Enforcement key to protecting Sabah wildlife


  • Nation
  • Monday, 28 Oct 2019

KOTA KINABALU: The lack of enforcement on crime against wildlife in Sabah is contributing to the continuous killing and poaching of protected species, according to a senior official.

Scientist and director of the Danau Girang Field Centre (DGFC), Dr Benoît Goossens, said the authorities needed to take action and increase enforcement if they were serious about stopping these acts.

He said it was not a lack of awareness that was making these crimes continue, adding what was needed was the full commitment of wildlife staff, government officials, security forces as well as local communities to address the issue.

While acknowledging that police and the Sabah Wildlife Department had been very productive in relation to the two most recent elephant killing cases – one in Tawau and one in Beluran district – he said more needed to be done.

Goossens said the authorities needed to work closely with oil palm estates and increase enforcement within all estates as well.

“I believe that improving and increasing enforcement is the solution to the poaching of wildlife and elephants.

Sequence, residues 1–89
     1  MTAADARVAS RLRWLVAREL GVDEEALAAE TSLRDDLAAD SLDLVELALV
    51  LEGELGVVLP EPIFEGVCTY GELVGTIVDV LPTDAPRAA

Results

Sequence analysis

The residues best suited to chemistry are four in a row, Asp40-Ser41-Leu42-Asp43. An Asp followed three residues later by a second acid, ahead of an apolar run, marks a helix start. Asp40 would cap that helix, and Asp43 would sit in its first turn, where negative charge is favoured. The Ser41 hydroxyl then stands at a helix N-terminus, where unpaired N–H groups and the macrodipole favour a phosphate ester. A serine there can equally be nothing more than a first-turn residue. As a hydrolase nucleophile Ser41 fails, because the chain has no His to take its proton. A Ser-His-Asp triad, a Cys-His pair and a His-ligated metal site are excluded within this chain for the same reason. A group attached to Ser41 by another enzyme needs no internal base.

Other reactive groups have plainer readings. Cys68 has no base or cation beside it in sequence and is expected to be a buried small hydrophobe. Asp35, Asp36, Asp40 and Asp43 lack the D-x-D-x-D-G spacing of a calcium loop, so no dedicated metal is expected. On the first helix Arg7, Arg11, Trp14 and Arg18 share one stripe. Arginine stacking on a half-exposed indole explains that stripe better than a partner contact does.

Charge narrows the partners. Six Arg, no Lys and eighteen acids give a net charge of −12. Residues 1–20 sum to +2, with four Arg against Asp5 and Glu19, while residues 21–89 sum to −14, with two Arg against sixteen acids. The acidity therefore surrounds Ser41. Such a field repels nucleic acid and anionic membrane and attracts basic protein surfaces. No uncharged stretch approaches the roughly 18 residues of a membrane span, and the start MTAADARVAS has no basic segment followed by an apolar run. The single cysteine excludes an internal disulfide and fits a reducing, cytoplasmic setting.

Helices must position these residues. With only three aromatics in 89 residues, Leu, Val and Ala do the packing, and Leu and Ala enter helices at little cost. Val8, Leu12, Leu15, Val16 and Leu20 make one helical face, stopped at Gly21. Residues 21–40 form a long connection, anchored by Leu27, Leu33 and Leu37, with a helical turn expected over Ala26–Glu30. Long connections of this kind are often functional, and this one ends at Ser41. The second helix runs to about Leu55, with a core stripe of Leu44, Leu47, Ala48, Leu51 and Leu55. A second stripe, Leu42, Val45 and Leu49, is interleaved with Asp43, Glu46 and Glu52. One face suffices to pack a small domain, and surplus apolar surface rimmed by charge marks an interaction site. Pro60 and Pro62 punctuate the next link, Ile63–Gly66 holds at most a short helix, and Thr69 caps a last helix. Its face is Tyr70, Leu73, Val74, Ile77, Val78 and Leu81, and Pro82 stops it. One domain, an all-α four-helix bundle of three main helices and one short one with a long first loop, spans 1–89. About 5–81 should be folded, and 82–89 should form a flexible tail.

“We need to increase the boots on the ground with more rangers, ” he added.

Goossens said recently, DGFC and the Sabah Forestry Department obtained RM4mil from Sime Darby Foundation to increase the size of the Protect team.

“We now have 25 trained rangers focusing exclusively on anti-poaching in Sabah, but we need to improve our intelligence and gather crucial information on poachers and wildlife traffickers, ” he said.

For this, he said DGFC obtained a grant from the US government last month to boost enforcement and forensic capacity to deter wildlife trafficking in Sabah.

“Apart from that, this grant is to set up an intelligence unit at the Sabah Wildlife Department as well as an inter-agency Sabah Wildlife Trafficking Brigade, ” he said.

On Sept 25, a bull elephant was found dead tied to a tree by a riverbank of Sungai Udin, Tawau, with its body riddled with over 70 bullet wounds while its two tusks sawn off.

Six people including two Felda settlers and a staff were subsequently arrested but none have been charged under the Wildlife Conservation Enactment as investigators are still trying to make their case as strong as possible for prosecution.

Later on Oct 20, another adult bull pygmy elephant was found dead with its tusks missing at a plantation in the Beluran district of Sabah.

There were several bullet wounds on the body but investigators are still trying to ascertain its cause of death as the wounds did not seem fatal.

A plantation guard was called in to facilitate investigations.

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